On a Wednesday in July 1961, Jacqueline Burrows begins her day perched on the cool concrete of her front steps, smoking. Jacqueline is the mother of three children, including her sweet, difficult daughter, Sylvie. It's only 7:00 AM, but Jacqueline's children are awake and tearing through the neighborhood.
In a story that deals with the extraordinary challenges of raising a child with severe special needs, The Matter of Sylvie traces the course of Jacqueline's Wednesday, a life-shifting day. The mother's impulses, combined with the stress of her other young children and the absence of her police officer husband, culminate in an event that echoes into the next two decades. A familial triptych: as the fate of one child resounds in the individual, pivotal Wednesdays of both Jacqueline's husband, Lloyd, in February of 1973, and her adult daughter, Lesa, in October of 1987.
Three Wednesdays, three decades, three narrators whose lives are intricately woven in this novel of dark and light. The Matter of Sylvie explores the depths of mother, father and daughter-and ultimately, the matter of Sylvie herself.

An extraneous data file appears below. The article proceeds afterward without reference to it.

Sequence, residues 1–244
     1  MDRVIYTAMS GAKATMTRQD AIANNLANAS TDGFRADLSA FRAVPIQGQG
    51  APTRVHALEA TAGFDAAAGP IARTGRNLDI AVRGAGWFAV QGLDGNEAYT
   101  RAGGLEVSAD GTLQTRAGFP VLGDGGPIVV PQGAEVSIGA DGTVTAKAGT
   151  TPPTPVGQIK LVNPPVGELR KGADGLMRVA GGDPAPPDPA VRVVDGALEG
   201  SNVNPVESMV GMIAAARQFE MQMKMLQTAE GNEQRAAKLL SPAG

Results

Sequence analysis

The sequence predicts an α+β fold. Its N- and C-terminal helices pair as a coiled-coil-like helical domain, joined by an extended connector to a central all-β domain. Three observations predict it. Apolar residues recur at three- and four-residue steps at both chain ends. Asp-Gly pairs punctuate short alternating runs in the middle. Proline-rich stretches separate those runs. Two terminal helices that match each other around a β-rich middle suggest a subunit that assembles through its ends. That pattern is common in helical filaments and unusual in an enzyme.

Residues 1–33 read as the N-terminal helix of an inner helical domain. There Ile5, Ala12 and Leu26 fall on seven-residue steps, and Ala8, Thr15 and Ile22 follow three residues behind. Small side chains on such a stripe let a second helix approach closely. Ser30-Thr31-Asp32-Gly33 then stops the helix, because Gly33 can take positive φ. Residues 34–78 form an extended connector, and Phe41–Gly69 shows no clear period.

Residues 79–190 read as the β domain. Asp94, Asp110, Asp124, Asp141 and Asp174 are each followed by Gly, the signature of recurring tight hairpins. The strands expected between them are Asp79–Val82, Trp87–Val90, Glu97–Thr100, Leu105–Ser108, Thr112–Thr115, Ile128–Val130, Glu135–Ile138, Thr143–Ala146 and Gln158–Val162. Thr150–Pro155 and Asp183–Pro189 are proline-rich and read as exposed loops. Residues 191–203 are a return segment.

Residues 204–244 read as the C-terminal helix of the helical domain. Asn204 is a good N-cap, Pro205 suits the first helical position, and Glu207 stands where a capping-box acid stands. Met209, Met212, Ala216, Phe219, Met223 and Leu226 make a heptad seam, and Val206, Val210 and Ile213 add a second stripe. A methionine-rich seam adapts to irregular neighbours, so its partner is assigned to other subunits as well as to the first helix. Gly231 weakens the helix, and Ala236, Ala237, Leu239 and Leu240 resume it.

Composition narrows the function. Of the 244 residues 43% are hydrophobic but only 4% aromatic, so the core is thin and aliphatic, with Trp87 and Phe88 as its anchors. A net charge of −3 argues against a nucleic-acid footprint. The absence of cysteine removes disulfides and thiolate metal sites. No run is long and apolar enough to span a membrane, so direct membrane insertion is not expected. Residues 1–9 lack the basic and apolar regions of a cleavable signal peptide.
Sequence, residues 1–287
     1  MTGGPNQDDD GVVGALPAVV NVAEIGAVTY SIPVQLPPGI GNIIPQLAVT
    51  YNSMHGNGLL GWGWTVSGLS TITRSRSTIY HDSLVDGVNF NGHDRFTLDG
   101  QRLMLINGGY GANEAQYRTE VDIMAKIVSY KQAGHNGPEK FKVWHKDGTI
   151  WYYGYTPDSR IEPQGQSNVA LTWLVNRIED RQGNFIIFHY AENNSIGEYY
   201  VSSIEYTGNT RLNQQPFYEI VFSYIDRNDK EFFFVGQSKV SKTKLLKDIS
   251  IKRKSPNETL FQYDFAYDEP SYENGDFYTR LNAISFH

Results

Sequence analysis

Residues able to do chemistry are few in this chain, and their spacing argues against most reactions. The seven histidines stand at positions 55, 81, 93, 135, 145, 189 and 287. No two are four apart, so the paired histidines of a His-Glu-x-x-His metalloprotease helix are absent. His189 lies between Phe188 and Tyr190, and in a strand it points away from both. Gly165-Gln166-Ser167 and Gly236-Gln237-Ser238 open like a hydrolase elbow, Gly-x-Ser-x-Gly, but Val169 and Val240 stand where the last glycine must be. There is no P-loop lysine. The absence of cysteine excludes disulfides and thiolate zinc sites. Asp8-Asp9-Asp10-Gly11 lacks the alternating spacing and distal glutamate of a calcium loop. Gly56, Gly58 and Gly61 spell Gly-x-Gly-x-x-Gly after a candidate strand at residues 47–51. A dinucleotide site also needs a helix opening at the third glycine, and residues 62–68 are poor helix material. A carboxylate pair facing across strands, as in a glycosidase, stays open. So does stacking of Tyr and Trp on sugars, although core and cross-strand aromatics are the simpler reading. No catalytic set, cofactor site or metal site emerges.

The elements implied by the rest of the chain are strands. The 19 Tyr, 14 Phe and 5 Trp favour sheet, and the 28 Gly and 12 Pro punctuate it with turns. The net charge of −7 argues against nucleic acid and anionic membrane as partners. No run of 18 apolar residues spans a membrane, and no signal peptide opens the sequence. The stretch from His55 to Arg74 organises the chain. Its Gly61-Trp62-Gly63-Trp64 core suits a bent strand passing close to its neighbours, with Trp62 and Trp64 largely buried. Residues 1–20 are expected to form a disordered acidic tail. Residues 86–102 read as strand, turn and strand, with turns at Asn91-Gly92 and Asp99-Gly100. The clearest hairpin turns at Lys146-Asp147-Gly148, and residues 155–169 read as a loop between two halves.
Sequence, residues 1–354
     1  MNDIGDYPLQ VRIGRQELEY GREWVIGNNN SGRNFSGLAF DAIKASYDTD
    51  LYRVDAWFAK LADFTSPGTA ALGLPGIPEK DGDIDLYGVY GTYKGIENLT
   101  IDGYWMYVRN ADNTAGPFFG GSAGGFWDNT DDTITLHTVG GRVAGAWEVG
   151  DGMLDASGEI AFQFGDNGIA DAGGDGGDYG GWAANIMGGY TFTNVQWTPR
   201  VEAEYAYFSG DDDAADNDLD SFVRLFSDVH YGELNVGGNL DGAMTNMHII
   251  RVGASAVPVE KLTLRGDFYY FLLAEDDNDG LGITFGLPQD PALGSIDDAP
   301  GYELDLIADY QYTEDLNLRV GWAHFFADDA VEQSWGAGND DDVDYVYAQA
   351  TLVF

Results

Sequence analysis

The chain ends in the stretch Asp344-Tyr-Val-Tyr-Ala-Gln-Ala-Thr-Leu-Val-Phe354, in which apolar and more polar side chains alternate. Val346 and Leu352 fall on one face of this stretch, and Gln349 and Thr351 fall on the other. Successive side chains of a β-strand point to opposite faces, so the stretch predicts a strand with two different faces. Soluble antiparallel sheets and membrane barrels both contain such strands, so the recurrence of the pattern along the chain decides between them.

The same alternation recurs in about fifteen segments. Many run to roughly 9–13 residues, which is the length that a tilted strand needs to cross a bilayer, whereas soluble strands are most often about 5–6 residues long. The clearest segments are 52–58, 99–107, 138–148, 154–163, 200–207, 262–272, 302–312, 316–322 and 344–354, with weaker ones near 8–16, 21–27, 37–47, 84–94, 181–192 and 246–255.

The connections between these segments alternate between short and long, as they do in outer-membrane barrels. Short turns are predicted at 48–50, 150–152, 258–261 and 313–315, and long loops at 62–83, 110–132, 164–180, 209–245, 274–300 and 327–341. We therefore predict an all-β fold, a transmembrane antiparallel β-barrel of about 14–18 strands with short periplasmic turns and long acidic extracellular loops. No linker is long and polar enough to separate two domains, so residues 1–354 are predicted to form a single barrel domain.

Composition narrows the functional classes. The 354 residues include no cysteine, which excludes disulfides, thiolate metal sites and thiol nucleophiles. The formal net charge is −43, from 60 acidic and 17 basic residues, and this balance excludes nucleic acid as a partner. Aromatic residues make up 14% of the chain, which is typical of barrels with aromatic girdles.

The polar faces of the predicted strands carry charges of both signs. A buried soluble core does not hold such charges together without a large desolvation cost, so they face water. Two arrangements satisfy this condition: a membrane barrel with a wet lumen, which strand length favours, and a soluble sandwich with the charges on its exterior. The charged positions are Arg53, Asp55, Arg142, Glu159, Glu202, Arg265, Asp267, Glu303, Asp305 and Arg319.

In short, enigmatic, alternating chapters, over three decisive Wednesdays in three successive decades, the story of the Burrows family is teased out with measured restraint from its blistering beginnings to its nuanced conclusion. —MostlyFiction.com
Lee Kvern reads from The Matter of Sylvie on AuthorsAloud.com.
Award winning Okotoks writer Lee Kvern is taking a dark look at family dynamics. —Okotoks Western Wheel
The Matter of Sylvie is an artfully crafted novel, written with almost lyrical prose, examining the effects on a family from an illness few understand. —Robin van Eck
Though disturbing and sometimes heart-wrenching, I was moved by the Burrows family and the intensity of their lives. —Cheryl Schenk, Bittleberry and Beyond blog
The Matter of Sylvie was shortlisted for the 2011 Alberta Writers Guild Georges Bugnet Award for Fiction.